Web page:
I bought a CRT TV for a retro gaming setup – and it was an existential nightmare

Recently, I’ve been wanting to tap into my childhood nostalgia, and as a longtime gamer, that mostly involved wasting money on a retro gaming setup. In a rose-tinted attempt to relive the games of my youth, I went all out and bought a PS1 (the impossibly tiny revision that still looks good), a bunch of games, and most importantly, a 14-inch Bush 1473T CRT TV to read them.

But with the CRT being such an outdated display method, why bother buying one? After all, surely any modern TV should suffice if all you have to do is plug a console into it, right? Not enough. The problem with even the best 4K TVs is that they lack an input for a SCART adapter, the primary method for connecting older consoles like the PS1 and N64 to AV.

Moving down to a 1080p display, you’ll likely find a SCART port. But another problem arises in that older games – especially pixel-based games or those with low polygon counts – were never designed with flat screen TVs in mind. This has the effect of making retro games worse. Edges can look too jagged and pixels aren’t blended as seamlessly. As a result, you lose a lot of visual depth when playing older games on more modern screens.

This is where the appeal of a CRT television comes in. The slightly rounded display, along with its sweeping lines, hides much of the imperfections of older games when it comes to visual quality. In fact, most retro titles were designed with these screens in mind, as they allow for a much smoother image that can blur pixels. As a result, objects appear much less jagged, and pixel-based characters and backgrounds look like they’re supposed to, not an ugly patch of colored squares.

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So when every key piece of setup arrived at my house, I wanted to get everything working as quickly as possible. I hooked up the PS1 to the CRT, made sure everything was plugged in and working as expected, and strapped in for the ride. Little did I know that was a ride I wish I hadn’t taken.

The nightmare begins


CRT TVs have a delightfully nostalgic design, but they can be a pain to operate properly. (Image credit: Shutterstock/Vlue)

In my desperation to create a nice little retro gaming setup, I completely neglected to take into account that setting up a CRT TV can be an absolute nightmare. Needless to say, they have absolutely none of the conveniences of a more modern display like the superlative LG CX. But on top of that, there are a few rather obtuse hoops you have to jump through to make a retro setup work.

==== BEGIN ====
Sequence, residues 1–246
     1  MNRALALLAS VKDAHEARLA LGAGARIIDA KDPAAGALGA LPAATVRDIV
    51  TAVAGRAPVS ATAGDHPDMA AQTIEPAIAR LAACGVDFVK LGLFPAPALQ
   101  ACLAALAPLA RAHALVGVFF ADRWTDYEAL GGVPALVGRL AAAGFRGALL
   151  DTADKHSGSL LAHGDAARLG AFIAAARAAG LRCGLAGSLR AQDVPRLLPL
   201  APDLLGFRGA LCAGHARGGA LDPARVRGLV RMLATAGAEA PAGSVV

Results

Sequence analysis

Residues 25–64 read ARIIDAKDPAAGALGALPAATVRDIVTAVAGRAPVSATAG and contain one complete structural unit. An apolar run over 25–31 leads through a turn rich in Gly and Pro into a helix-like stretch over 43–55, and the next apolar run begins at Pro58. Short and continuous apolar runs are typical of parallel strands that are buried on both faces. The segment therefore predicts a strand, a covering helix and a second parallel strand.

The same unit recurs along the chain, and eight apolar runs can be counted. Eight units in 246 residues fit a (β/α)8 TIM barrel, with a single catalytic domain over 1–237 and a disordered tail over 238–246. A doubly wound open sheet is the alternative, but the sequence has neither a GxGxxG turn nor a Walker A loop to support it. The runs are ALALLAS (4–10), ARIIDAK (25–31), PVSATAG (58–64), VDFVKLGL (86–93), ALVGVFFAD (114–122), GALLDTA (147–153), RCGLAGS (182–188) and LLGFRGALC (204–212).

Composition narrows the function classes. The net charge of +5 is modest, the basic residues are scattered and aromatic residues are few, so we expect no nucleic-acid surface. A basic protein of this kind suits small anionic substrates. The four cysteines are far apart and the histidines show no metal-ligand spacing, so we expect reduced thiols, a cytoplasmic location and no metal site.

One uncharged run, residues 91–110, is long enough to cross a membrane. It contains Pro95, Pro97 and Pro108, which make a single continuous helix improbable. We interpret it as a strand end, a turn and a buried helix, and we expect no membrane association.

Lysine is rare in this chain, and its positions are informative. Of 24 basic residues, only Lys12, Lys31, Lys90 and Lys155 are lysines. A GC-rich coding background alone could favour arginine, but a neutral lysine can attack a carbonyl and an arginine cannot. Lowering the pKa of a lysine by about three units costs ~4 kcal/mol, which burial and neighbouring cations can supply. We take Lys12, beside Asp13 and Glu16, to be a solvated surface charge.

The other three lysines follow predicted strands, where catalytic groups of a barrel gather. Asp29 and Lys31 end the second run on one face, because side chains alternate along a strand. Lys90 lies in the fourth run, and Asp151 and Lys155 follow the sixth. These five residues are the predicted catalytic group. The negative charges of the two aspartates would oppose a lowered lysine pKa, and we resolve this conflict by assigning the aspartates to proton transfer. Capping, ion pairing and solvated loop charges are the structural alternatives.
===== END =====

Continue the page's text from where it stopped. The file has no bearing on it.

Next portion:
If you run out of component cables, for example, your only other option is to use an RFU adapter, which comes with boxed PS1 consoles. This adapter does not go through AV, but it does require you to first find the channel the adapter is tuned to, then manually adjust the display until the picture is the way you want it. And usually you can’t tune a CRT TV without the added functionality of a compatible remote.

Luckily I was able to dig up a set of component cables and a SCART adapter to use. But that wasn’t the end of my woes, as I hadn’t thought about the fact that I would need a compatible TV remote to access the AV output in the first place. The Bush CRT television that I had bought on eBay did not come with one.

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A comedy of errors

Universal remote controller

(Image credit: Shutterstock / Filippo Carlot)

After fiddling with the buttons on the TV to no avail, I realized I had to track down a remote just to get access to my CRT’s AV output. Little did I know that would be by far the hardest hurdle to clear, because finding a remote that worked with my CRT was easier said than done.

I’ve tried several universal remotes and used remotes ordered from parts websites, which is one of the few reliable options left when it comes to buying an old CRT TV remote. None of them were working and I was starting to panic. Did I really waste all that money on a retro gaming setup, only to fall at the final hurdle? I felt exactly like when I fought some of the toughest bosses in Elden Ring: hopelessly trapped in an endless cycle of trial, error, and desperation.

The whole fiasco did one thing for me, though. It made me realize how much I took the conveniences of modern television for granted. Most modern 4K displays are incredibly easy to use. Whether it’s because of the simplicity of HDMI or the abundance of streaming apps built into these smart TVs, convenience reigns on modern screens compared to TVs of yore.

It hurts me to say that this story doesn’t have a happy ending. At least not yet. While the joy of being able to play games like Tekken 3, Ridge Racer Type 4, and Castlevania: Symphony of the Night on the screen they were intended for still eludes me, my search for a working remote will continue.

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After all, I’m not about to give up when I’ve already spent a decent amount of money on the setup. Rome wasn’t built in a day, as they say.

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